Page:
Advice for seasoned practitioners
Are you a bobbing cork? When Bob Salisbury, later Sir Bob, was head of Garibaldi school in Nottinghamshire, he used that expression to me as he described his approach to the development of his staff. It was so striking an image that it's stayed with me, and I've shamelessly used it many times.
What Bob was saying was that teachers and other colleagues shouldn't feel restricted to paths, or lines, or ladders - nothing so rigid. Rather, they should see themselves moving along in a stream, making progress, heading onwards, but happily and independently bobbing - free to pop up in unexpected places, cross over, bounce off each other and ultimately, perhaps, end up in an entirely different bit of the flow from where they started.
So it was that Bob would interview staff and say to them, "You're a geography teacher. Tell me, given total freedom, what you really wish you could be doing here."
That way, he made some remarkable discoveries, and released a great deal of hidden talent. One subject teacher achieved a secret ambition to become head of sixth form.
Of course, it all took time, and called for a deal of imagination and diplomacy, but then, Bob Salisbury didn't become Sir Bob for nothing.
The long term effect - and here's the lesson for everyone who's returned yet again to school this term - was to cause people to think that maybe the path they thought they were on isn't bounded by brick walls after all.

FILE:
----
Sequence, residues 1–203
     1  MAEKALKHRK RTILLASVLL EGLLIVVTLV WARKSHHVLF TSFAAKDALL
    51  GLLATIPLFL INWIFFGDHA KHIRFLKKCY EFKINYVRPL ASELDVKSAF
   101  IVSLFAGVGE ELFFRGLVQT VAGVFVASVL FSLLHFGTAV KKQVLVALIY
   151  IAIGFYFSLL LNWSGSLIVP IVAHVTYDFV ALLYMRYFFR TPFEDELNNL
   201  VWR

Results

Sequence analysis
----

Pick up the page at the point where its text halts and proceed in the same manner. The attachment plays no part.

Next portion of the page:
The obvious objection, that somebody else is doing the job you fancy, is not, by the way, as final as you might think. Once everyone has started to think flexibly, a number of factors kick in. One person perhaps, intends to retire next year. Another thinks a change of subject will be professionally useful. Another is drawn by the prospect of less responsibility. And maybe that big department could be reorganised into two. It's surprising what can happen once the corks start bobbing.
Nobody's in a better position to loosen things up than the experienced people in the middle of the organisation. You're the ones to start the debates, provoke the thinking, prod the management, get things loosened up.
So, what is it you want to do? Can you make it happen? Nothing ventured, nothing gained.